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BackgroundWhile an association of the intraoperative driving pressure with postoperative pulmonary complications has been described before, it is uncertain whether the intraoperative mechanical power is associated with postoperative pulmonary complications.MethodsPosthoc analysis of two international, multicentre randomised clinical trials (ISRCTN70332574 and NCT02148692) conducted between 2011-2013 and 2014-2018, in patients undergoing open abdominal surgery comparing the effect of two different positive end-expiratory pressure (PEEP) levels on postoperative pulmonary complications. Time-weighted average dynamic driving pressure and mechanical power were calculated for individual patients. A multivariable logistic regression model adjusted for confounders was used to assess the independent associations of driving pressure and mechanical power with the occurrence of a composite of postoperative pulmonary complications, the primary endpoint of this posthoc analysis.FindingsIn 1191 patients included, postoperative pulmonary complications occurrence was 35.9%. Median time-weighted average driving pressure and mechanical power were 14·0 [11·0-17·0] cmH2O, and 7·6 [5·1-10·0] J/min, respectively. While driving pressure was not independently associated with postoperative pulmonary complications (odds ratio, 1·06 [95% CI 0·88-1·28]; p=0.534), the mechanical power had an independent association with the occurrence of postoperative pulmonary complications (odds ratio, 1·28 [95% CI 1·05-1·57]; p=0.016). These findings were independent of body mass index or the level of PEEP used, i.e., independent of the randomisation arm.InterpretationIn this merged cohort of surgery patients, higher intraoperative mechanical power was independently associated with postoperative pulmonary complications. Mechanical power could serve as a summary ventilatory biomarker for the risk for postoperative pulmonary complications in these patients, but our findings need confirmation in other, preferably prospective studies.FundingThe two original studies were supported by unrestricted grants from the European Society of Anaesthesiology and the Amsterdam University Medical Centers, Location AMC. For this current analysis, no additional funding was requested. The funding sources had neither a role in the design, collection of data, statistical analysis, interpretation of data, writing of the report, nor in the decision to submit the paper for publication.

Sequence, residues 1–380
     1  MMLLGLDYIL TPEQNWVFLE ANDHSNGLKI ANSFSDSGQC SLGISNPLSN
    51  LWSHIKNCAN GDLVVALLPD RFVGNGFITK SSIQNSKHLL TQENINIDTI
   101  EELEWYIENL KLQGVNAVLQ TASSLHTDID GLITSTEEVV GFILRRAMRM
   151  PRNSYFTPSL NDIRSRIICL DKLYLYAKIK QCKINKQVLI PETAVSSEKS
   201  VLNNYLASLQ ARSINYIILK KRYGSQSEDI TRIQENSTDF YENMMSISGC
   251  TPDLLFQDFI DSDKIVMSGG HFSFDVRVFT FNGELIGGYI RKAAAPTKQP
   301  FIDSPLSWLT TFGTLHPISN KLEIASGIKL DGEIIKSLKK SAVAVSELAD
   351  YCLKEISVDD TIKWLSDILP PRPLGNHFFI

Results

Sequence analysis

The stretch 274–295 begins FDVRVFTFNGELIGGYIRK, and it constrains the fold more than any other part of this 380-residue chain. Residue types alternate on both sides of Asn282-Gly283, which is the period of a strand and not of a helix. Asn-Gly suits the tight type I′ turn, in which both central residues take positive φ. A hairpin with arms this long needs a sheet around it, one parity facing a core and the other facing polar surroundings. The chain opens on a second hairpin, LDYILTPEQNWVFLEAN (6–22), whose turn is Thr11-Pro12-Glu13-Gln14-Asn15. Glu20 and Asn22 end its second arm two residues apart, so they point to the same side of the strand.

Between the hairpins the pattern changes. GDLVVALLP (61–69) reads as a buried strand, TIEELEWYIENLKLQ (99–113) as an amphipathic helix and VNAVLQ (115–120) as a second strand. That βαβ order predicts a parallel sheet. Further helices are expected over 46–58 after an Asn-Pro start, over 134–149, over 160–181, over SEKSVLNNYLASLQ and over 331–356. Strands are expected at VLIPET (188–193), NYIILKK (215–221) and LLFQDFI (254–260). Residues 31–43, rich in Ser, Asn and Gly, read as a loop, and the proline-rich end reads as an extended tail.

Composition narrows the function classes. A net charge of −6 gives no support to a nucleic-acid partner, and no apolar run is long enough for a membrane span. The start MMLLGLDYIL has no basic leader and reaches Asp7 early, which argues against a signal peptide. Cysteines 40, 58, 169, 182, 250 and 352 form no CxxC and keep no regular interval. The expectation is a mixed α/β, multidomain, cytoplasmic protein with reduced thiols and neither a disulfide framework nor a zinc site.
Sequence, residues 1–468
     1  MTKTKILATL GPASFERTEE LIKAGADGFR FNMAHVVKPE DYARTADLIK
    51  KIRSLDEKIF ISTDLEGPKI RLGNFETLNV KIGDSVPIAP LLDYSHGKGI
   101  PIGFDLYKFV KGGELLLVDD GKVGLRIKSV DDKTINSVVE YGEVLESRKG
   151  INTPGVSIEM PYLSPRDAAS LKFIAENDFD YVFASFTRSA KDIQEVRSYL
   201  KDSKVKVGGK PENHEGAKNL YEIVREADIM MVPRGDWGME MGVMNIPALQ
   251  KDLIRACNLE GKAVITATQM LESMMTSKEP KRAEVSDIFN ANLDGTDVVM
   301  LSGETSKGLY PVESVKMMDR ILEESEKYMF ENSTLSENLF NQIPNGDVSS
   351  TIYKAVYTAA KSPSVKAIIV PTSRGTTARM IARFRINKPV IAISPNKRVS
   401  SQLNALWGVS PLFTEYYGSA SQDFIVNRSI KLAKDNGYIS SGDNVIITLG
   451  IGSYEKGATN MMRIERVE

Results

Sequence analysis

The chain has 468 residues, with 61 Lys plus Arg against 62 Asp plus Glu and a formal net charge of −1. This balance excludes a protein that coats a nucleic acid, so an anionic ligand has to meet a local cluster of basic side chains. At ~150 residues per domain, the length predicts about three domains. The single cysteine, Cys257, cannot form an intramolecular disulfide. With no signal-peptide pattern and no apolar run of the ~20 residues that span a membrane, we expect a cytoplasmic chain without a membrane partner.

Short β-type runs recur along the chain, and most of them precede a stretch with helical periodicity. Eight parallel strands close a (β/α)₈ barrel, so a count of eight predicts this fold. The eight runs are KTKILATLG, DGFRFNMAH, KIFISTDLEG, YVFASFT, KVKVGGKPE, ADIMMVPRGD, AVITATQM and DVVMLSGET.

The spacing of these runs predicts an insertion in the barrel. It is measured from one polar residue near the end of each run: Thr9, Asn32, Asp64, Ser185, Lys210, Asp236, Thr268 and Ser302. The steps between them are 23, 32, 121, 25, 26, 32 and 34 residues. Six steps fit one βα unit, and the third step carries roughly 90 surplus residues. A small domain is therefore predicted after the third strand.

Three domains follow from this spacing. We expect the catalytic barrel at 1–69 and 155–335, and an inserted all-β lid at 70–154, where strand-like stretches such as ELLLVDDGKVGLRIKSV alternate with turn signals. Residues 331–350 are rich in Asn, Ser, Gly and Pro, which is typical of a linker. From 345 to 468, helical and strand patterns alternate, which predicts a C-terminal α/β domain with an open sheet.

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Department of Intensive Care, Amsterdam UMC, location AMC, Amsterdam, The Netherlands.